Let me break for a second to clarify something that confuses me people. I am NOT nervous speaking in front of crowds. Sometimes I get presentation jitters in a class, or if I’m on a panel and someone I really look up to is in the audience, but I can grab a microphone and stand in front of a thousand people and talk about something I understand with no abnormal discomfort.

If I have to READ to them, I might pass out.

That’s an embodied response to a literate practice. I even feel a bit jittery reading aloud BY MYSELF in the comfort of my own home.

But my other example is more “rhetoric” and less literacy. As people who deal in words, we often feel that we can say just about anything clearly and concisely. It’s what we do. We’re wordsmiths. But I think the concept of embodiment of rhetoric comes in those things that cannot be said. I won’t share the specific occasion here (as I don’t think this is a place where a specific example is needed), but this week I encountered– more than once– an idea I needed to express that I simply couldn’t convey in words. I started moving. I made my point.

So another question raised was “how could we study this as a literacy?” My suggestion– which sort of fell on deaf ears during a break– was to study sports (perhaps more specifically coaching). There are numerous examples of this, but the most obvious one to me is from something I’ve taught: how to shoot a basketball. I can explain it to you in words. Grab the ball. Line it up on your non-shooting hand so that your fingers are on the seams (for the most part) and you can hold the ball steady without applying pressure (otherwise you’ll pull the shot one way or the other). Put your shooting hand under the ball so that your fingers rest in a way so that you feel you have traction and control. Starting with your feet, allow the motion to channel from your body to your arm, extend, and sort of gooseneck your arm while pushing the ball into the air.

Does that make ANY sense?

If I took you outside, right now, I could show you what I mean, and once you saw it, and tried it a few times, you’d probably get it. I just re-read my written description, and I honestly have no idea what I meant.

So… some things have to be embodied. Perhaps all things are, by their nature, embodied. I feel the keys as I type. I no longer look down. I trust that my hands will land in the right place each time.

Wild.


January comes in like a Lyon and out like… a Lyon?

January 24, 2008

I love the TV/cause tragedy thrills me/whatever flavor/it happens to be, like…

-Tool 

This is a story about an Elf named Lyon.

Lyon is my World of Warcraft toon—well my highest level toon, known in the community as my “main”—a level 60 blood elf hunter with a level 60 aqua sabertooth pet (named Locke—after the LOST character and/or the political theorist). He’s been with me since I started playing the game, roughly six months ago.  While to this day I wish I would have had access to the ORIGINAL blood elf model (see my other work for details on that), I chose the Blood Elf because I wanted a Horde character that looked at least “sort of” human. I won’t go so far as to say “like me.” That’d be a stretch.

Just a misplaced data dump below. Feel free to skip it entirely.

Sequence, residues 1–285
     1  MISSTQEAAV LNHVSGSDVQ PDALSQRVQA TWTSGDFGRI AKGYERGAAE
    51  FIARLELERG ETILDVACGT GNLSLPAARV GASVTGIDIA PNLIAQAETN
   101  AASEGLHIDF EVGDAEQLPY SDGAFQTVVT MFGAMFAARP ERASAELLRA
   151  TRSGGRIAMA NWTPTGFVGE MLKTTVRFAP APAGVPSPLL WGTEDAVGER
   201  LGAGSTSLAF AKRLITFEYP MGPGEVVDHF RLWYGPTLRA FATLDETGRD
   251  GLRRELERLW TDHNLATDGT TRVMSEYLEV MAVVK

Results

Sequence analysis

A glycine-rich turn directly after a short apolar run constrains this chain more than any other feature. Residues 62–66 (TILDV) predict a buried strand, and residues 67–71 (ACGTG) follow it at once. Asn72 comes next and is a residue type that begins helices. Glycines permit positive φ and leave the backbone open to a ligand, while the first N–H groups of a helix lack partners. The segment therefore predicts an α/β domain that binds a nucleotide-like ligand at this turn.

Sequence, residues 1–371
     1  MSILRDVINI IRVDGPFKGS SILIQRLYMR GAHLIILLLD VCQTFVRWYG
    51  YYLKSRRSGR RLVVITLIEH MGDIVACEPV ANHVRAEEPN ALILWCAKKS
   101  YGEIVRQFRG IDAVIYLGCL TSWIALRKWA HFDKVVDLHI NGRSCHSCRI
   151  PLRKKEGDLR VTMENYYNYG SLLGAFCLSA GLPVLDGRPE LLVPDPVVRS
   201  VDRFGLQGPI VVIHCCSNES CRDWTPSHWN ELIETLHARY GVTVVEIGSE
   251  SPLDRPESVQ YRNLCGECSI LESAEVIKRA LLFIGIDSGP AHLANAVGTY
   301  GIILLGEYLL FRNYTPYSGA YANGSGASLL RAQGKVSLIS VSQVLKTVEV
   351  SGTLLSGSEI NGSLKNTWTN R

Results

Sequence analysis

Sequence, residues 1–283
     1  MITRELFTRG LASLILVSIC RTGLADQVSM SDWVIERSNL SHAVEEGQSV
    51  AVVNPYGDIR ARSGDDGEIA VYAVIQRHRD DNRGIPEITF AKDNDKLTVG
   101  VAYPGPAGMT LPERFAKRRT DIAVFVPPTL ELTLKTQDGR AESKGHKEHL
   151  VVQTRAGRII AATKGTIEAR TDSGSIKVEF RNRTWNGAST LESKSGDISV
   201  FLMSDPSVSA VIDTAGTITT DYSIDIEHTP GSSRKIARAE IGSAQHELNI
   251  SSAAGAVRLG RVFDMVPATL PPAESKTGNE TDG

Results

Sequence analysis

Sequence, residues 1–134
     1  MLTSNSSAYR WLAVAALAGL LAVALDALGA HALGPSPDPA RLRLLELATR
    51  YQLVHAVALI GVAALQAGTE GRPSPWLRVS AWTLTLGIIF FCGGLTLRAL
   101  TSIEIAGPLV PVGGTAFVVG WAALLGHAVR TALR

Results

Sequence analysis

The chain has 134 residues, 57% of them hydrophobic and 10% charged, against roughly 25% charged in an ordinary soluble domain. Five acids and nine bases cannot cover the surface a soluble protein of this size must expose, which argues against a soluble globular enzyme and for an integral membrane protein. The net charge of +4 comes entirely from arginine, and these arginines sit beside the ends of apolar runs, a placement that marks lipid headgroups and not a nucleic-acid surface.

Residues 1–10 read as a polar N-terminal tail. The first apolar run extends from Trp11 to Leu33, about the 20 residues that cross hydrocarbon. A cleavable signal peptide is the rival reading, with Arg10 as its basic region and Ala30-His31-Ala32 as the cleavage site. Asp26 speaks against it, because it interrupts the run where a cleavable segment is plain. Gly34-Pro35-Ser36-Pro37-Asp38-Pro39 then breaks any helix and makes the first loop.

The creation of a toon in World of Warcraft is surprisingly template-based and restrictive given the permissions of other MMORPGs (City of Heroes, for example, allows for intense customization). As a blood elf male, Lyon had a choice of one body model, six or so faces, six or so hair styles, six or so facial hair patterns, a choice from around ten hair shades, then a choice of classes (there are several classes in World of Warcraft, but blood elves have to choose from paladin, warlock, mage, priest, hunter and rogue).  Initially a toon is given no clothing choices (WYSIWYG) or weapon choices. The only 100% customizable part of the toon is the name, and if we’re all being honest, I went with something rather generic and expected in the fantasy genre (one of his pets along the way was HooMahn, a mountain lion).

Forging a distinct identity in World of Warcraft can be difficult. Some servers are role-play  (RP) designated. On these servers, one must communicate with other gamers “in character,” and that process allows for a great deal of character composing/identity formation.  But I didn’t think about that when I created Lyon (I should have, granted that I did research on another game where there were RP and non-RP servers); I simply went where my friend was already playing. The server where we play is player-vs-player (PVP), which means that at level 20—or sooner if one wanders into the wrong area—players from the other faction can attack and kill your toon. Our server doesn’t have a RP designation, though, so most people play as themselves, using the game’s communication functions as a chat.

I am, however, as they say an old school internet user. I often use the net—like this blog—as a place for confession and full-on honesty (ask anyone I’ve IMed in the middle of the night). But I also believe in sometimes compartmentalizing certain things so that Phill can live free of some of his history. It shouldn’t always matter, for example, that I’m a student of rhetoric of writing. That doesn’t change the fact that in a raid I’m great for damage per second (DPS) but can’t heal anything but my pet. As such, I decided that Lyon needed a personality and identity of his own.